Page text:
If you're just beginning to use BPF's, you'll soon find you need to address fields than span more than one byte. This is very easy to do with a BPF (Berkeley Packet Filter, if you didn't read the previous post). We know we begin our filter with the protocol header we want to work with, such as tcp, ip, udp or icmp and specify the byte the field is in (starting with that byte offset, or counting from zero.) When we worked with the TCP flags field, we used tcp. When we need to work with a field that spans multiple bytes, all we need to do is append a colon to that byte number and then specify how many bytes we want the filter to read. So if we wish to look at the source port field, we would write it as tcp[0:2] (the source port field resides in byte 0 and byte 1 of the TCP header). Now our filter will look at just those two bytes. To only look at packets who source port is 37, we would use the filter 'tcp[0:2] = 37'
BPF, however, has built in primitives, or keywords that apply filters, including "src" or source and "port". So if we wanted to see these packets, the easier way would be to use 'src port 37'.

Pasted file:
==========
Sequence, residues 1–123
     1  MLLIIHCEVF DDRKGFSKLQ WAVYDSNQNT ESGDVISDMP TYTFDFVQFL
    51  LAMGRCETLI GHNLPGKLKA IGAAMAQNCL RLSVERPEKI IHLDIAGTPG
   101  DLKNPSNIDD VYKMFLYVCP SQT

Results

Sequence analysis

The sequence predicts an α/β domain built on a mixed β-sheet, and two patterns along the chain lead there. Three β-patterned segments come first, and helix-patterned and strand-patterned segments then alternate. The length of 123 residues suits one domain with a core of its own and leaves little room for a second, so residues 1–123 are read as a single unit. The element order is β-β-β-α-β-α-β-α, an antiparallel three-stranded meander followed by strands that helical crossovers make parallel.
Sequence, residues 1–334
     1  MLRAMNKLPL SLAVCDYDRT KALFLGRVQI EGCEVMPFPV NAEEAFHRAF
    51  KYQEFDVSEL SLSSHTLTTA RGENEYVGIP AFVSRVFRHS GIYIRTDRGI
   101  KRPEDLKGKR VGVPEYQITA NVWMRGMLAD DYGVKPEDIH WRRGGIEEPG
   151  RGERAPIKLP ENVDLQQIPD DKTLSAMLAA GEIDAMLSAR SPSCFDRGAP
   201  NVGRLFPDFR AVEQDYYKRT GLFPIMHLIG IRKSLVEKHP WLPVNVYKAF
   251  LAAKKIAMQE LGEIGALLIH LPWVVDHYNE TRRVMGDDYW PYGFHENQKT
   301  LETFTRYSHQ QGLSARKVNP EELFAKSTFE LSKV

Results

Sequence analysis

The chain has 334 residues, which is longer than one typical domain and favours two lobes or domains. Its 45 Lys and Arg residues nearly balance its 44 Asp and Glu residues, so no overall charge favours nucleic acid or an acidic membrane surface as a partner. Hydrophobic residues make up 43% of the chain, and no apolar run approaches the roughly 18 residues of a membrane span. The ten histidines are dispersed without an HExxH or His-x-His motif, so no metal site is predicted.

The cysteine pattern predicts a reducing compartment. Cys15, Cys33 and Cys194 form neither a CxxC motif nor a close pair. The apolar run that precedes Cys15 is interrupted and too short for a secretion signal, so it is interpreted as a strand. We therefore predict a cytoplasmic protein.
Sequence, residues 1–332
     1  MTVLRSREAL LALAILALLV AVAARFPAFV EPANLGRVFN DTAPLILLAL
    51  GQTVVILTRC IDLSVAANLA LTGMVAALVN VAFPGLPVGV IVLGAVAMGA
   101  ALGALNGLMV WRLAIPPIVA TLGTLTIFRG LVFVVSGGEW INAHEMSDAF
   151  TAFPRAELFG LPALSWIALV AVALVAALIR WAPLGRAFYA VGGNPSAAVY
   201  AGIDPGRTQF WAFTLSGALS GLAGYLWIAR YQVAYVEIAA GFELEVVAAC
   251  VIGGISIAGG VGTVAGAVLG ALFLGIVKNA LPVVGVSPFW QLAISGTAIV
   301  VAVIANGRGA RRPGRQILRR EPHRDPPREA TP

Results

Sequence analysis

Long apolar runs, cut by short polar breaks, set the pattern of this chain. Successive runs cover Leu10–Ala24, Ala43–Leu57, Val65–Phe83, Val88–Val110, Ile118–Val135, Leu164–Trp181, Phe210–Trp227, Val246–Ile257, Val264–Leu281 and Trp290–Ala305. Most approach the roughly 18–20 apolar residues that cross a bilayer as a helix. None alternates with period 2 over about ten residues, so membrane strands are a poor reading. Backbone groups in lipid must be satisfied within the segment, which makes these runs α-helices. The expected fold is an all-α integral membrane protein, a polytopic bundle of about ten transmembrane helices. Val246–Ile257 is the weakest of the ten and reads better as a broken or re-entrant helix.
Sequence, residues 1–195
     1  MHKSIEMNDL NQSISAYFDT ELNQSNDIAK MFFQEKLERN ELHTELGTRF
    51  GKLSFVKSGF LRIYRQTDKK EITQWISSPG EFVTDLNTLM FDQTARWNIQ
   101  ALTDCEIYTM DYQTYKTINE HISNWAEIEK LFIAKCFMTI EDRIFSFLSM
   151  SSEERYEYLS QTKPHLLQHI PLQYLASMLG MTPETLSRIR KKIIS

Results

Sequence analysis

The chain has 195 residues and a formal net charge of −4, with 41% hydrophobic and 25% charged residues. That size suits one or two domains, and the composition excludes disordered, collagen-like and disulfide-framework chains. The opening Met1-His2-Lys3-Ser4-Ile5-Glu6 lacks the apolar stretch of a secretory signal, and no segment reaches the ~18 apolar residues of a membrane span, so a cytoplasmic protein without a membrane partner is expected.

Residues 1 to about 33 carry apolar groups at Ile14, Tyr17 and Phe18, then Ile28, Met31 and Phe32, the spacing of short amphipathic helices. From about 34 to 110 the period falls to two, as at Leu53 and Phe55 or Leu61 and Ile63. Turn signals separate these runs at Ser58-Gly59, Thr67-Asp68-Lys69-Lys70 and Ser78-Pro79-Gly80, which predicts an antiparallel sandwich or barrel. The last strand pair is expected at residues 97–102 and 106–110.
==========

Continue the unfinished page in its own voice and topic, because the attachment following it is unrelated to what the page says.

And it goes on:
Other fields have no primitive equivalent. If we needed to see all packets with a TTL greater than 64, we would specify that with a filter like this: 'ip[8:2] > 64'. We're telling tcpdump we want to start at the 8th byte offset from 0 and evaluate two bytes and show any packets that have a value in that field greater than 64.
With your protocol header charts in front of you, you can create a filter to show you any byte in any header and check it against whatever value you need.
By the way, if you're capturing packets for monitoring or auditing purposes, it's usually best to use the largest snaplength (size of each packet) that your storage space and processing power allows, and then use your filters to pull out the packets you need later.
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